It is clear from the above that those, such as the Geonim, who define day as beginning at sunrise and ending at sunset calculate "halachic" hours based on these endpoints. Contrary to the claim of some, this is not a recent innovation. Rather, this was how many of the classical authorities must have calculated times in order to avoid the inevitable confusing situations that would arise every single year. For more information, see Minchat Yitzchak 4:53, Jewish Chrononomy by R' Yehuda (Leo) Levi (Hebrew section, p. 21), and R' Israel M. Levinger's article in Jeschurun vol. 9 (1932).

But how, can it be asked, can anyone measure the day starting with sunrise when the Mishna in Megilla 20a says that a mitzvah designated for the day that is performed after dawn but before sunrise is valid? Clearly, day beings with dawn and not sunrise. The answer is that this matter is much more complicated than this Mishna implies. The Gemara in Berachot reads as follows:

It is taught (Tosefta 1:2): R' Shimon ben Yachai said, "There are times that one recites Shema twice at night - once before dawn and once after dawn - and one fulfills the obligation [of reciting Shema] for both day and night." This is in itself difficult. It says that there are times that one recites Shema at night. Evidently, after dawn is still night. It then says that one fulfills the obligation for both day and night implying that after dawn is day. No, really after dawn is night but it was called day [regarding Shema] because there are some people who are already awake at that time.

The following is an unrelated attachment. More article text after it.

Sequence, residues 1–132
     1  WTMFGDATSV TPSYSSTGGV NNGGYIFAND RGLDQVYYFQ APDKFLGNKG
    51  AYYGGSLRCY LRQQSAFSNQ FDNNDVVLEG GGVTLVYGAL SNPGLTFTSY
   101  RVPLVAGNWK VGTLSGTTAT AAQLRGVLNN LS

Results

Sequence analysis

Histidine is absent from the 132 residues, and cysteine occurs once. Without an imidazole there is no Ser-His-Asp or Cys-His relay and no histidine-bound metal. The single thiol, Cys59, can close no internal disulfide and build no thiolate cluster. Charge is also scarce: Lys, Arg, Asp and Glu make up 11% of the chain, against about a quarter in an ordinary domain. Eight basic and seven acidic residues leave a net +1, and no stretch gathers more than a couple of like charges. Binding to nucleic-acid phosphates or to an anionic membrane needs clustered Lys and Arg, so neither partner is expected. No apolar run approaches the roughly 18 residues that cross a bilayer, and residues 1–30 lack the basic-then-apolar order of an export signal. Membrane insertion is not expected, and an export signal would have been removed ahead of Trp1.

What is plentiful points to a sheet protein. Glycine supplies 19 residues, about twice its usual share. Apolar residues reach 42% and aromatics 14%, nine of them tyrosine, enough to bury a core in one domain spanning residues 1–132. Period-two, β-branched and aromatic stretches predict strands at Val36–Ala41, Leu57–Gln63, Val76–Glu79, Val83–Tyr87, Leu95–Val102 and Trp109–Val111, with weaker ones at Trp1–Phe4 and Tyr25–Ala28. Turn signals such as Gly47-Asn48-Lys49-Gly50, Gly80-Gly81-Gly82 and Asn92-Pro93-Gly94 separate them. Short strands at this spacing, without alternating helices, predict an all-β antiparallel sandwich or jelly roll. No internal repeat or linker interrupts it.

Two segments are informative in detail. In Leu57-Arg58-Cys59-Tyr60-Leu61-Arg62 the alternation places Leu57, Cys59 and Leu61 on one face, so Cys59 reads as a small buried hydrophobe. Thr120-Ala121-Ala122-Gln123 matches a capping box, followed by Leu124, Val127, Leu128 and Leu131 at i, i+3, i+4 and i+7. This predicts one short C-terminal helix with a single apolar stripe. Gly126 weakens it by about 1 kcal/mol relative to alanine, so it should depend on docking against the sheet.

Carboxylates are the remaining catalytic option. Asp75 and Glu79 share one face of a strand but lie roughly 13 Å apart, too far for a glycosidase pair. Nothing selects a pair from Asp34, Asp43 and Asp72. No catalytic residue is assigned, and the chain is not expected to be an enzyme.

This Gemara clearly states, based on the Tosefta, that the time between dawn and sunrise is night. The contradiction between this Gemara and the Mishna in Megilla is explained brilliantly and eloquently by R' Yosef Dov Halevy Soloveitchik in his Shiurim Lezecher Abba Mori vol. 1 ch. 5. R' Soloveitchik explains that there are two approaches in the Rishonim to explain this apparent contradiction. One is that day begins at some point between dawn and sunrise but we have no way of determining when that time is (similarly, night begins at some indeterminable point between sunset and the appearance of stars). Therefore, we treat this in-between time as a matter of doubt. The second approach is that the in-between time from dawn to sunrise is, paradoxically, both night and day. In certain respects it is night and in others it is day (the same can be said for the time between sunset and the appearance of stars).

If day begins at some point between dawn and sunrise - or paradoxically at both dawn and sunrise - then from when do we begin measuring the length of a day in order to calculate "halachic" hours? Arguments can be made for either time which is why the Rishonim disagreed about this.

In summary, there must be a concept of "halachic" hours in regard to times of prayer and there is no evidence that standard hours have any halachic standing. The Rishonim disagreed over whether the day is measured from dawn until the appearance of stars or from sunrise to sunset. While they do not say this explicitly, it can be inferred from other statements of theirs. And finally, this disagreement is based on the general uncertainty as to how to classify the twilight hours in which day and night seem to overlap.

Back Home

Contributor(s): Gil Student
Last revised: 1/22/02
Aishdas 2001-2002